Anyway, my two cents. The answer is less government, not more. People need to take personal accountability for their own health care to the degree they as individuals value it.

For those who suggest that this will change healthcare costs, I'd like to remind people that insurance companies don't impact health care costs. They only pay the price of health care. They can reduce the price paid for health care by refusing to go to the price charged by the provider, but that doesn't change the cost. It only squeezes or eliminates the profits accrued to the insurance company, the provider, or both. And when the profit from practicing medicine or insuring health is less than the profit from other alternative uses of resources, those resources are redirected. Shortages. So again, yes, government can "force" insurors to charge less. But they can't do so without creating shortages of Drs, insurors, or both, depending on how the reduction in profit is shared. Economics 101.

The supporters of this proposed Bill understand neither business behavior or personal behavior.

Business want to make a profit. They'll "do the right thing" as well - but not at the expense of reasonable profits. That's why insurers will leave the field when profits start to fall.

Personal behavior - they may not say it, but at the heart of it, people want "something for nothing". If they can't get that, they'll take "something for really cheap" (that's why discounts, rebates and garage sales are so popular).

When the "irresistable force" (e.g., "private medical insurance") meets the "immovable object" (e.g., "patients with preexisting conditions who are looking for reduced medical insurance costs"), "something's gotta give".

In this case, it will be medical insurers leaving the market - just as property insurers abandon the Gulf coast following a major hurricane.

HALF the reason our costs are so high is because of the quality AND level of care that (nearly) everyone gets. No other country pays for such aggressive cancer-fighting treatments, heart transplants, quadruple-bypass etc in the "average Joe" -- even if you're 80 years old or 100 pounds over-weight. In the US, it's joint-replacement surgury for everyone!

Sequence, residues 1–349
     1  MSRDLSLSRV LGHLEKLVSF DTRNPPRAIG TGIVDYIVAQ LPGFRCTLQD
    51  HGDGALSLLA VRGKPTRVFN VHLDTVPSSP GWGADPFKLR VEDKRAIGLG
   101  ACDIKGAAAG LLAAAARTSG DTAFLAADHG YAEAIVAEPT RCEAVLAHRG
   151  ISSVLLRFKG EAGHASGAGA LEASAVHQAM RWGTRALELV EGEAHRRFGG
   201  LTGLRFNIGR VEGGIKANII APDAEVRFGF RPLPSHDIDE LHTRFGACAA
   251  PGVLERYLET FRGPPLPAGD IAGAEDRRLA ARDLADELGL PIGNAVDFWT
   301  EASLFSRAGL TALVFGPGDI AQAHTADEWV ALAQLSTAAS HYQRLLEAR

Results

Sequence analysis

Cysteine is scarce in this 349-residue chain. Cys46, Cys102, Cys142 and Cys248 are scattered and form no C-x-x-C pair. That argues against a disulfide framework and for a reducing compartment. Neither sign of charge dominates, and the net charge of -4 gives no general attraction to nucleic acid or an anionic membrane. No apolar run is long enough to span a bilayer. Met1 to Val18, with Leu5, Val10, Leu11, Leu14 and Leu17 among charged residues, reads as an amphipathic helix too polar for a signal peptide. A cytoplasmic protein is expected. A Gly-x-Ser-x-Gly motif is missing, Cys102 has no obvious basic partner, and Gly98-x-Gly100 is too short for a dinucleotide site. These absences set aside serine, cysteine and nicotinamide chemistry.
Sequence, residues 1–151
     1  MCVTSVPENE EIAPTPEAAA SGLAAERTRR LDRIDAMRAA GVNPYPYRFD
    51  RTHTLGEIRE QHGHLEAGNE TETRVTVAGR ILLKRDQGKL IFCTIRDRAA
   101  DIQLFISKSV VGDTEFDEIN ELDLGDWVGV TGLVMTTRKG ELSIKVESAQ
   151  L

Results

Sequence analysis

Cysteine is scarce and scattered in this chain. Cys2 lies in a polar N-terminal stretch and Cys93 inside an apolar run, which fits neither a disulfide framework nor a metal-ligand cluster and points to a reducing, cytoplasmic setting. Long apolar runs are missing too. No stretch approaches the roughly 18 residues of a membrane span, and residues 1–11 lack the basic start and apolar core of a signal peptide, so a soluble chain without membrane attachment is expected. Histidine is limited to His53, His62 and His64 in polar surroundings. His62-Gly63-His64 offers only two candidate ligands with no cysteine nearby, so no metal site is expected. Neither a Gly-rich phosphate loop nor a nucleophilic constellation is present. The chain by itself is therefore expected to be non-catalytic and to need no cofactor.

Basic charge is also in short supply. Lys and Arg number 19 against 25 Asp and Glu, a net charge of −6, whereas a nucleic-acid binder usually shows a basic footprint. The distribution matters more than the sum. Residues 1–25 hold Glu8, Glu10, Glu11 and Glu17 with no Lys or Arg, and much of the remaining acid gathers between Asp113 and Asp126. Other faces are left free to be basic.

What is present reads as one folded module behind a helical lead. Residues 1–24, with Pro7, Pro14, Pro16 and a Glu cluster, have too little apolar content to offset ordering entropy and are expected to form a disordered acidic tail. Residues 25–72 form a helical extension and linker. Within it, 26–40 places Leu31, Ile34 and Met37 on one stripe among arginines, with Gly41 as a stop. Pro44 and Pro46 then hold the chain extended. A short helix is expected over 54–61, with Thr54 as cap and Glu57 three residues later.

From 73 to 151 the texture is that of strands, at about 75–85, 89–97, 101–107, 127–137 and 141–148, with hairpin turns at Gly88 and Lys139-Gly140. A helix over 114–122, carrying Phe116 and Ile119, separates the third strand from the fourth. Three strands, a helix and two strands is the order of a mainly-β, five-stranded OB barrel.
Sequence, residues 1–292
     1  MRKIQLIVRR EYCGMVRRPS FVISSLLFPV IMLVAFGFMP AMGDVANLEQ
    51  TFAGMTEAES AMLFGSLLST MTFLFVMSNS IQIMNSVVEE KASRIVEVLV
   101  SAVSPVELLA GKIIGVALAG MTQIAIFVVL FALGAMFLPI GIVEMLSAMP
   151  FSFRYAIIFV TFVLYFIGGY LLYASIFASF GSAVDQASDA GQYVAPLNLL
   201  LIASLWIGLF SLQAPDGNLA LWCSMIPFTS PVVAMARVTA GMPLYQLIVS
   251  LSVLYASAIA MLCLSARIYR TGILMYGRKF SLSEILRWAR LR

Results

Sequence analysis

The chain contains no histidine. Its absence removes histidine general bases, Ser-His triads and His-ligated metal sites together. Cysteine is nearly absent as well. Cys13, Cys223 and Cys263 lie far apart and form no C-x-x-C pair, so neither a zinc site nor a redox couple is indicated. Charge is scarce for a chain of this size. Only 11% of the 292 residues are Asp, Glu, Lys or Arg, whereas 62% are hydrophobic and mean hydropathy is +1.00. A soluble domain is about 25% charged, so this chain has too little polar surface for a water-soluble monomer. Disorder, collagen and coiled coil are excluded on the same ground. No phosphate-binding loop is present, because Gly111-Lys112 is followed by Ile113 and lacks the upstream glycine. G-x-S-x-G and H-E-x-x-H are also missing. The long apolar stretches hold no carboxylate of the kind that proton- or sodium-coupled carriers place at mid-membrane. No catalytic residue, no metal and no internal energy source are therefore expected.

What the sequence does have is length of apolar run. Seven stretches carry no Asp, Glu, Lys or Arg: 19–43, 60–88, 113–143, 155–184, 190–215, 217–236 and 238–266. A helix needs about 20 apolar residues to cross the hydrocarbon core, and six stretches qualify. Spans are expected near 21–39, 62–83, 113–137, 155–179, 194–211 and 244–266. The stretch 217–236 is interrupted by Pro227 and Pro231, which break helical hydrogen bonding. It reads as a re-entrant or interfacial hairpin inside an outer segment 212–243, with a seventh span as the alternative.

The other HALF of the reason our costs are so high is because someone will pay the price. The health companies would not charge such high rates if someone would not pay them (with government collected taxes, or by forcing businesses to pay). The critics say that already no one can afford health care. Well that is not true or the companies providing the services would not provide them, or they will lower their costs.

Is it just me, or is the plan to have the government throw more money at the problem the wrong way to go? Stop subsidizing health care with so much tax money and prices will come down. Stop increasing the burden on businesses and the prices will come down. Stop encouraging everyone to have an MRI every time they have a headache and the prices will come down.

Only problem: Perhaps the health-care industry will not be able to employ 11% of the entire work-force. But then, is it really necessary for one in every fifteen people (6.8% of the total US population) to be working full time to care for the rest of us? Then again...maybe we wouldn't need 10% of the entire population (15% of the work-force) employed in government either. That's right! Fully 25% of everyone working in the US is employed in either health care or government. What are the chances of "right-sizing" that mess without a full-blown default?